At Braunton, an elderly lady took the seat next to me and we fell into conversation as the train started to wind down the Taw valley.   I mentioned that the line was down for closure and the lady replied that she was horrified, she had been using the train to go shopping in Barnstaple for 40 years, so right back to the 1920s, and "didn't trust" buses. Why, she didn't trust buses she never made clear but her parting words as she got off the train at Barnstaple Town, the one time connection to the Lynton & Barnstaple narrow gauge line, was a defiant "they'll close this line over my dead body."

The train then wound on over the twisting the bridge across the Taw and rattled over the points of the recently closed line to Bideford and Torrington into Barnstaple Junction (now the limit of the entire railway network in north Devon) and where my parents and brother waited patiently to meet me. 

Four years later, the line was indeed closed and I still occasionally  wonder what happened to that lady who was so determined not to have to use the bus replacement. Closing the line may have helped with the then BR regime's bank balance but it destroyed this lady's way of life - and the lives of  many others like her, no doubt.

David Bosher

Edinburgh Park station

Edinburgh Park to Bathgate

Name of Line: The Edinburgh to Bathgate Line

Length of Line: 18 1/2 miles

Train Operating Company: First ScotRail

Stations: Edinburgh Park, Uphall, Livingston North, Bathgate



Journey review

Trivia: The now continues to Airdrie and Glasgow and was reopened in 2010.

Thameslink trains on platforms 5 and 6 at Moorgate station

Farringdon to Moorgate

Stations: Farringdon, Barbican, Moorgate

Description: A short branch off the main Bedford to Brighton Thameslink line.

History: The line closed in March 2009 due to the expansion of the ThamesLink platform at Farringdon. 

Journey review



Drumgelloch railway station

Glasgow Queen Street to Drumgelloch

Name of Line: The

Length of Line: miles

Train Operating Company: First ScotRail

Stations: Glasgow Queen Street, High Street, Bellgrove, Carntyne, Shettleston, Garrowhill, Easterhouse, Blairhill, Coatbridge Sunnyside, Coatdyke, Airdrie, Drumgelloch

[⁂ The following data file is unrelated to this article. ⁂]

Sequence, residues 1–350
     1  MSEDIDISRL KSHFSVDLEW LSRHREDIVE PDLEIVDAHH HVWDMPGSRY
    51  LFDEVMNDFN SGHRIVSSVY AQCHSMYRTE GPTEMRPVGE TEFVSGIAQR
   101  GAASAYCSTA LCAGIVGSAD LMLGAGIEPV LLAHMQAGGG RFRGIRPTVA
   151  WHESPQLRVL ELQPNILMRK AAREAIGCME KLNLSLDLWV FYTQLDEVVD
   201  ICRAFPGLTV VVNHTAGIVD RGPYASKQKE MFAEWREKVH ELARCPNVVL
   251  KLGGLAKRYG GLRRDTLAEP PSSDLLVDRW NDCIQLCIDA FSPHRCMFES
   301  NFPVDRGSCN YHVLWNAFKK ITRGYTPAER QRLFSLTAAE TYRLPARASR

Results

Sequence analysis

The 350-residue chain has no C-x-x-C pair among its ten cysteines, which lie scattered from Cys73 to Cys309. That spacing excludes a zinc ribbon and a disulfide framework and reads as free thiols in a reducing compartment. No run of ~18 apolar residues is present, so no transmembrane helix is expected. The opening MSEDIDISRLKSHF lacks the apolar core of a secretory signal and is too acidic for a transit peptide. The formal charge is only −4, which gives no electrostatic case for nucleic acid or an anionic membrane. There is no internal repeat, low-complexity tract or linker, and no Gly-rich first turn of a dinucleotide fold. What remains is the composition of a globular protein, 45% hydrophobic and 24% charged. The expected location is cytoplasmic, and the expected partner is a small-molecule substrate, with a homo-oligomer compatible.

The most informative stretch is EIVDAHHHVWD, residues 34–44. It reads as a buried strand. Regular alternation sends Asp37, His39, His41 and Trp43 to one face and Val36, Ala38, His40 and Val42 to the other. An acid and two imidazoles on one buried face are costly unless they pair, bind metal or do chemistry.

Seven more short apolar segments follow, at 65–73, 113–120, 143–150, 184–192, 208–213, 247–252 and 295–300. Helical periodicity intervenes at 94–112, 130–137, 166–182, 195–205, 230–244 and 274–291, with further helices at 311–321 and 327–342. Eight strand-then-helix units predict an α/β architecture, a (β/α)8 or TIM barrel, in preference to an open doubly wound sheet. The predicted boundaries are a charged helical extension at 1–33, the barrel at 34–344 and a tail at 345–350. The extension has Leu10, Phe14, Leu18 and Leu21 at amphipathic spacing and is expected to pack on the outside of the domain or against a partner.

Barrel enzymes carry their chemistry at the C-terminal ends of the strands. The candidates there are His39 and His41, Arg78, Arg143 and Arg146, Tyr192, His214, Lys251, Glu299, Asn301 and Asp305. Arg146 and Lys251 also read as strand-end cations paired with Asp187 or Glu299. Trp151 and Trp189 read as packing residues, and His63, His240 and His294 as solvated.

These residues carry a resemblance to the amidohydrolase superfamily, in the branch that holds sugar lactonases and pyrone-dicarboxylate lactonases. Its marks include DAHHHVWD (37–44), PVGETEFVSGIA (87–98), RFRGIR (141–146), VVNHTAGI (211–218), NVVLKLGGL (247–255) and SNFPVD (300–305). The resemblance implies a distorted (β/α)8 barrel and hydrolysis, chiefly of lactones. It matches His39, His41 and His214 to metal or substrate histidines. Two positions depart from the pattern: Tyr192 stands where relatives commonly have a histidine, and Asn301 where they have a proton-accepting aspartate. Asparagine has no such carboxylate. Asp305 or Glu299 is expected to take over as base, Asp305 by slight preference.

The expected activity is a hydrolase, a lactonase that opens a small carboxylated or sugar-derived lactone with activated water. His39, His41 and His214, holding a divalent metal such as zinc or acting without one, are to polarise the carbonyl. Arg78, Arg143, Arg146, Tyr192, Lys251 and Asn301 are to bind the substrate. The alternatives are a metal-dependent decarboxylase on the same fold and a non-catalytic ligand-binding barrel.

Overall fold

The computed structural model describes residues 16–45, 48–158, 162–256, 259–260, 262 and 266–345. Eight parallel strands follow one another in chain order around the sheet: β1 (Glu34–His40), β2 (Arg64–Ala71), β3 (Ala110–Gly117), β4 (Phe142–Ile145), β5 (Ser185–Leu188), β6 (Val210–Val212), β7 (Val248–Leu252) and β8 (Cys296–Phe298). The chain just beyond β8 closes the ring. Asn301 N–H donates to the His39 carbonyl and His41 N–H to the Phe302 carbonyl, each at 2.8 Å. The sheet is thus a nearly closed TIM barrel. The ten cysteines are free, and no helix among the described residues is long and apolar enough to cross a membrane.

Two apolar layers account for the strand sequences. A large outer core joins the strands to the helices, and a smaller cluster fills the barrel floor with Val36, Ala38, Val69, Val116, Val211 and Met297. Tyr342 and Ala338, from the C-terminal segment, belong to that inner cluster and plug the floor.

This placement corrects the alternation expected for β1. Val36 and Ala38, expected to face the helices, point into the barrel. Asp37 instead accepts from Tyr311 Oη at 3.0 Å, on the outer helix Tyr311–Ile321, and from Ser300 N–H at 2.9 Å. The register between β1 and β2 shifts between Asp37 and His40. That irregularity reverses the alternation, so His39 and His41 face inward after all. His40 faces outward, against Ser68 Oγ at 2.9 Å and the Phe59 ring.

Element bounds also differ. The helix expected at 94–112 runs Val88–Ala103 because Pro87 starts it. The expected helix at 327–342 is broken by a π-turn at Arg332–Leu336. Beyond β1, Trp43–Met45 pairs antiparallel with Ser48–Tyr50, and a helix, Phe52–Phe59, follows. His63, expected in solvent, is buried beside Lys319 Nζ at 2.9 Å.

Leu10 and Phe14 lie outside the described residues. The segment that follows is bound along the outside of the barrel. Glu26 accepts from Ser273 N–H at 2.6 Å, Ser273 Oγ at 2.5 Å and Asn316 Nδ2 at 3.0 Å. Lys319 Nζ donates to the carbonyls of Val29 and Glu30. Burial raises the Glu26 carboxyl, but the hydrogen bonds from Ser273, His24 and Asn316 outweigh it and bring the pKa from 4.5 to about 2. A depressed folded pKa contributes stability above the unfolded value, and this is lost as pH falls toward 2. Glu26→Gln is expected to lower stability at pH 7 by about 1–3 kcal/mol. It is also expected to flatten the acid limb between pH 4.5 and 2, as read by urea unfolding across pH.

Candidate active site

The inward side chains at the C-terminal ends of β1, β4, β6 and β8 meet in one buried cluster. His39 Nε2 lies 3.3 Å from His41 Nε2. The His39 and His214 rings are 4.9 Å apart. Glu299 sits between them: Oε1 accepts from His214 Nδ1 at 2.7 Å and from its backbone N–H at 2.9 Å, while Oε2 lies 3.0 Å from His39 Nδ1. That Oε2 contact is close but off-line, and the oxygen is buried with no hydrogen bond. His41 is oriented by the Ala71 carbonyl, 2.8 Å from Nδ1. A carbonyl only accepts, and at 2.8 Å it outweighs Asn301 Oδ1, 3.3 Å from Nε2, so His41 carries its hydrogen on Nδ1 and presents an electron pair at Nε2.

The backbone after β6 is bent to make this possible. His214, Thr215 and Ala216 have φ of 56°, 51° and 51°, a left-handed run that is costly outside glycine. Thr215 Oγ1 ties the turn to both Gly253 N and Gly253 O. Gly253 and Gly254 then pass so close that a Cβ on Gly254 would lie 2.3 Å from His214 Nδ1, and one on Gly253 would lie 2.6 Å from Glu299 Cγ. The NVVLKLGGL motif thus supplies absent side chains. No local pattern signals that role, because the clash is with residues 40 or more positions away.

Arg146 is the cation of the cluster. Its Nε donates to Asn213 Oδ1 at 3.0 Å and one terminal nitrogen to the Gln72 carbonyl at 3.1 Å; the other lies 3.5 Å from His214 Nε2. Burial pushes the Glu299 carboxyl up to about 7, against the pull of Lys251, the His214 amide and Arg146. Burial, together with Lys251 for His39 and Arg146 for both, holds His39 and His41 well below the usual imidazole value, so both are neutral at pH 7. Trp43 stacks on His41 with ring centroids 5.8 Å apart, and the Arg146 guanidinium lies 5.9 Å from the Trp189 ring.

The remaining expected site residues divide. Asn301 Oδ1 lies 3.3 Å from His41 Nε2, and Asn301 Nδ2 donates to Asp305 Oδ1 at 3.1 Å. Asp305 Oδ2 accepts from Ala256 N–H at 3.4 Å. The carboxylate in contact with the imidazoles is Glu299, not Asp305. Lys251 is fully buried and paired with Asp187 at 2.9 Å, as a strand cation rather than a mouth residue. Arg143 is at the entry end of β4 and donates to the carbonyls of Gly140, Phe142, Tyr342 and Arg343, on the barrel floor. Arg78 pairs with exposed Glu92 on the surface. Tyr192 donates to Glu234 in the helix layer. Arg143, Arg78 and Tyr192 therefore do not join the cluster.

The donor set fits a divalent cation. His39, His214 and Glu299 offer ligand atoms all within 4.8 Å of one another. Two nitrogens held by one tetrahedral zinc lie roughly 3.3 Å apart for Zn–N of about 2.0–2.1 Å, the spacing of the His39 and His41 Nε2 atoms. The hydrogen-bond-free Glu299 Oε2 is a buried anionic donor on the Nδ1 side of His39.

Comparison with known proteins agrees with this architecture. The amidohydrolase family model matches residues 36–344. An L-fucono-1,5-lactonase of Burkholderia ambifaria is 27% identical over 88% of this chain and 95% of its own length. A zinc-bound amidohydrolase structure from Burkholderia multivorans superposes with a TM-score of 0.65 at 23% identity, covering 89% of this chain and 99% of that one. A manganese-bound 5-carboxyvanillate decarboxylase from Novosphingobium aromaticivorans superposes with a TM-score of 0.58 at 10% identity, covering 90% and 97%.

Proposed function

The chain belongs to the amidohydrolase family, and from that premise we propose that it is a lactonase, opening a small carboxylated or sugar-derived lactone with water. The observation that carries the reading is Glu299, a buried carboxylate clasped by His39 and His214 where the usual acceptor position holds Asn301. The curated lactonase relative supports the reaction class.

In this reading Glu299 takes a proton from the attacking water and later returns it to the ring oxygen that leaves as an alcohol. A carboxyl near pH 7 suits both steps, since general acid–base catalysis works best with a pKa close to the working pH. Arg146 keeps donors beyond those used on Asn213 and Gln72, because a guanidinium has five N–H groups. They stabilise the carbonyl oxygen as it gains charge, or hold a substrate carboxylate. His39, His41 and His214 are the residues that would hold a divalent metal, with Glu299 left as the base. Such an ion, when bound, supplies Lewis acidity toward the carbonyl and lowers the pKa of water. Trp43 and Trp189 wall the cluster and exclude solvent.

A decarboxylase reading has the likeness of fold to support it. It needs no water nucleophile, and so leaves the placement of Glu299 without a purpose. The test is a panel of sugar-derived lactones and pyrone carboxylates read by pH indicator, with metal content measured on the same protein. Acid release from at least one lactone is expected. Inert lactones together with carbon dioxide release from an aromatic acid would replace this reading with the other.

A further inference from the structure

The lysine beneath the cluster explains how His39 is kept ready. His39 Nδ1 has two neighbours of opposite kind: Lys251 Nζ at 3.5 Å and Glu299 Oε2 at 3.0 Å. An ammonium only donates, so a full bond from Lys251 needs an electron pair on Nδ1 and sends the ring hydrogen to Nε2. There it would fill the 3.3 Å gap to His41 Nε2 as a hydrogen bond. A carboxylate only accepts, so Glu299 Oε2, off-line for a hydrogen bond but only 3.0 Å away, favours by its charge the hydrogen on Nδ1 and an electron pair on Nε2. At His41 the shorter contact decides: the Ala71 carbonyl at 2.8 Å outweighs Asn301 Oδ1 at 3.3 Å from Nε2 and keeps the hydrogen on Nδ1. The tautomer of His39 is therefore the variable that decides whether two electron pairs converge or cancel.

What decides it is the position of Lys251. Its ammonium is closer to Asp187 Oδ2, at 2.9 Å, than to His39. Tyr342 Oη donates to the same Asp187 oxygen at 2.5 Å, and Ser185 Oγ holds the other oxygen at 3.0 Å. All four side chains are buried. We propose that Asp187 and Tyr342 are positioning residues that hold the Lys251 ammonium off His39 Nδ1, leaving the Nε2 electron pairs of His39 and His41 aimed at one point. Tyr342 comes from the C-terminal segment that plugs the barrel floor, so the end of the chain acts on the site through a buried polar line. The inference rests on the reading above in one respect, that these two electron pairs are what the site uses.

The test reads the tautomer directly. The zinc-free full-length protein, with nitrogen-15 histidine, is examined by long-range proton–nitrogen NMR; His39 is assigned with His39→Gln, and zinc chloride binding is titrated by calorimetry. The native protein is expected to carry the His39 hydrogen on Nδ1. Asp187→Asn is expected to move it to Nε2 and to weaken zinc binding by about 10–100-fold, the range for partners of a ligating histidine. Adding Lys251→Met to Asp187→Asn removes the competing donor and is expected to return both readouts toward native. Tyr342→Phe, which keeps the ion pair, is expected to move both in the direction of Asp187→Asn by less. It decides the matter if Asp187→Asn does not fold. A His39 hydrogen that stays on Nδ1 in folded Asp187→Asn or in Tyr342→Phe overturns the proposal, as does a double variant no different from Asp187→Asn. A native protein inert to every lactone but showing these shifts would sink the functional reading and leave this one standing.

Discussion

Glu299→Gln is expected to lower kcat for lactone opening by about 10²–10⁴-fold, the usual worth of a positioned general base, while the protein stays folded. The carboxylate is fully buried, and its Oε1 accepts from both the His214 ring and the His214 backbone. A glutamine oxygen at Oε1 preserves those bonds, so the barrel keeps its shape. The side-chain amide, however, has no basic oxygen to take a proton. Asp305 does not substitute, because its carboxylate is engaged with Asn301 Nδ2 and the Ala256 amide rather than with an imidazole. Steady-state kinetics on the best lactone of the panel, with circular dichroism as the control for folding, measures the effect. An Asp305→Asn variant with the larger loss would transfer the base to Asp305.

Description: The branch line went due east from Glasgow to the town of Airdrie's Drumgelloch station, but since 2010 now goes all the way to Edinburgh via Bathgate.

Journey review

Bicester Town station as it was in 2009

Oxford to Bicester Town

Names of Line: The Oxford to Bicester Line or The Varsity Line

Length of Line: 11 3/4 miles

Stations: Oxford, Islip, Bicester Town

Train Operating Company: Chiltern Railways

Description: This branch line which reopened to passenger traffic in 1989, went in a north easterly direction from Oxford through to Bicester just south of the Chiltern Mainline from Marylebone to Birmingham.

History: Originally this branch line was part of the Varsity Line which ran from Oxford to Cambridge via Bletchley and Bedford. This section was opened in 1851 and closed to passenger traffic in 1967 as part of the Beeching cuts. However the line was reopened to passenger traffic in 1989.

The new curve from Bicester Village (renamed from Bicester Town) to the Chiltern mainline opened to pasenger trains in October 2015, when London to Oxfrod Parkway services began running, thus ending its status as a branch line.

Journey review

Websites: East-west rail Bicester Military Railway Photo Link


Sinfin Central station with iron railings

The Sinfin Branch

This branch in the south of Derby ran from Peartree on the Derby to Birmingham main line to Sinfin Central along the former line to Castle Donnington. The branch was opened in October 1976 as a way of extending Matlock trains beyond Derby to serve the large Rolls Royce works at Sinfin. However passenger numbers were not as high as hoped for and the branch was closed in 1993. It is still open for a weekly aviation fuel train for the plant at Sinfin though the stations are covered in trees and bushes.